Premier Annastacia Palaszczuk and Australian Olympic Committee President John Coates.
Premier Annastacia Palaszczuk and Australian Olympic Committee President John Coates.

Ipswich commits to 2032 Olympic Games

IPSWICH councillors have voted for the city to provide ‘its commitment and support’ to Brisbane as the state’s capital edges closer to securing the 2032 Olympic and Paralympic Games.

Exactly how Ipswich will be involved in 11 years’ time is not yet clear, with discussions taking place behind closed doors due to confidentiality requirements.

At a special council meeting on Thursday morning, councillors voted unanimously for the council to enter into a Delivery Partner Guarantee Deed.

This will commit the organisation to providing support to the state government and other entities in the form of public services, the use of venues and potential funding contributions.

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This process will be handled by acting CEO Sonia Cooper, who took part in her first council meeting on Thursday since taking on the role.

The council announced last week the under-construction Brisbane Lions facility at Springfield is being considered as a venue to host football preliminaries and modern pentathlon and Mayor Teresa Harding indicated the North Ipswich Reserve Stadium could also play a part.

Lawyer Jamie Doran from legal firm Clayton Utz explained why the discussions had to be conducted in a closed session.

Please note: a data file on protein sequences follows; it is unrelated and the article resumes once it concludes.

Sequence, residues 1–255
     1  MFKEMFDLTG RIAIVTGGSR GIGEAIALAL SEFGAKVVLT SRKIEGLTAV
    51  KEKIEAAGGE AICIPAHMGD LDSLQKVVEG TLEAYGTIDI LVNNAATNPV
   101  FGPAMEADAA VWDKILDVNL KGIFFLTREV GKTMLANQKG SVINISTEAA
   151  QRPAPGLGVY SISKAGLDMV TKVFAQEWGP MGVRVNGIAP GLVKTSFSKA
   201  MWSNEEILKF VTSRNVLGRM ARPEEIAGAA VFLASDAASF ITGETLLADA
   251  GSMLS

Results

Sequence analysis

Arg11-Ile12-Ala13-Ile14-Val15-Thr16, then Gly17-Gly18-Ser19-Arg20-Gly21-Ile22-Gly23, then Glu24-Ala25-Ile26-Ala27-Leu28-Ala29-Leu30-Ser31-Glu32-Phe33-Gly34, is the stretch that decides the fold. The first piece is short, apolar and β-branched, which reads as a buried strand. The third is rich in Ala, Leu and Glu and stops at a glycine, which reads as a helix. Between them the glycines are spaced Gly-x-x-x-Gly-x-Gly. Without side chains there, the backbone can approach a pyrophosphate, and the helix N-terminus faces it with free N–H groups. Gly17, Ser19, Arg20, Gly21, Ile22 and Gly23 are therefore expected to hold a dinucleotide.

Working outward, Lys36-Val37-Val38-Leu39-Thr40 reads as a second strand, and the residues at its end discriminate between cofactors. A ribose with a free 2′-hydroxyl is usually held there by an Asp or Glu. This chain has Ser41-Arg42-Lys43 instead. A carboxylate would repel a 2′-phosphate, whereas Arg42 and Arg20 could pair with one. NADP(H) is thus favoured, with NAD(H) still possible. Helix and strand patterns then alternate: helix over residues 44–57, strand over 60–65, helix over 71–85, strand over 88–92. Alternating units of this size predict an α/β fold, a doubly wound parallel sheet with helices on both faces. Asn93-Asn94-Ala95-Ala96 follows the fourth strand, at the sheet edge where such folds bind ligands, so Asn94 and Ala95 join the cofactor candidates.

“The first requirement of confidentiality is obviously the requirement and the interest of the parties themselves who are participating in the bid,” he said.

“There is a requirement that the hosts have that information that is relevant to the bid obviously doesn’t get into the public domain such that it might prejudice the opportunity of the hosts to be able to win the games.

“There is significant public interest obviously in the parties keeping information that is relevant to the bid confidential.

“On the flip side the International Olympic Committee also wants the information to be kept confidential to avoid any allegations that there’s been any collusion between bidders who might be participating in their process.

“But it’s fundamentally important for them to maintain the integrity of their process. Like (the council’s) tender processes they have a requirement to make sure that bidders do not collude and share information as part of their bid process.”

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The Council of Mayors SEQ CEO Scott Smith was also in attendance to answer councillors’ questions.

After about 45 minutes of discussion behind closed doors, councillors voted unanimously for the council to enter into the agreement.

Nothing was said publicly about the decision.

“This is an exciting day for Ipswich,” Cr Harding said.

“This is the very first time that our city is discussing how we’re going to potentially be part of the 2032 Olympics which will be based in south east Queensland.

“It’s a momentous time for our city. We’re the oldest provincial city in Queensland and the fastest growing city in Queensland.

“I lived in Sydney when the announcement was made that (they secured the 2000 Olympics) as well as living through it and afterwards.

“It’s a real point in time. Ipswich would never have the opportunity to host the Olympics on its own so to be part of this south east Queensland Olympics is a terrific opportunity.”

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Read more stories by Lachlan McIvor here.